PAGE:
The invisible motherland?
The Catalan-speaking minority in Sardinia and Catalan nationalism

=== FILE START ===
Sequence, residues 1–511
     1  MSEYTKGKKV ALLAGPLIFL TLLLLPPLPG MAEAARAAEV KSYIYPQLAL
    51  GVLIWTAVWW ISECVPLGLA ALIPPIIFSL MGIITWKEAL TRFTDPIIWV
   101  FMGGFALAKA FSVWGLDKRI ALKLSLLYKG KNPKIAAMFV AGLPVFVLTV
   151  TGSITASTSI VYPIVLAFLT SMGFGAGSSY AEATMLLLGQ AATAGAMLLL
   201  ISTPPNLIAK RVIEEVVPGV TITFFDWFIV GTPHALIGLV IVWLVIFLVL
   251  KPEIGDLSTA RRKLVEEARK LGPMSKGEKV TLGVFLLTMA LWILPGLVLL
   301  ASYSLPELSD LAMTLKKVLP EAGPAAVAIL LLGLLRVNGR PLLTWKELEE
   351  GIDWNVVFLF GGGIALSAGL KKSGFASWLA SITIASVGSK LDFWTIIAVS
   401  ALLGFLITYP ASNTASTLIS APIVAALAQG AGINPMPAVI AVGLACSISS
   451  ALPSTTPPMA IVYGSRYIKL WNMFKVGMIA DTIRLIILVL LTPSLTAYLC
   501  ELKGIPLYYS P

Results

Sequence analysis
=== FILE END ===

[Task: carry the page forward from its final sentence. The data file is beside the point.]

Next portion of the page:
L'Alguer (Alghero in Italian, S'Alighera in Sardinian) is a coastal town on the Island of Sardinia. Founded by the powerful Genoese family of the Doria, in 1354 it fell in the hands of the Kingdom of Aragon, as one of the first strongholds in a long war to conquer the whole island. The town was entirely evacuated by its Genoese-Sardinian inhabitants, and repopulated by Catalans settlers. Nowadays its inhabitants speak dialectal forms of Catalan, influenced by Sardinian and Italian, despite the institutional link to the others parts of the Aragonese Crown broke down in the aftermath of the War of Spanish Succession. The existence of this Catalan-speaking community aroused interest and curiosity between intellectuals and politicians, particularly the nationalists, from the Reinaxen until today. Currently l'Alguer is included in the map of the Paos Catalans [Catalan-speaking territories]. Nonetheless, the small town is bereft of a Catalan nationalist movement, only a minority have passed from a folkloric and cultural view to a more political interpretation of the relationship with the linguistic 'homeland'. This paper aims to analyse the reasons of the invisibility of Catalonia as motherland seen (or unseen) from the Mediterranean city.
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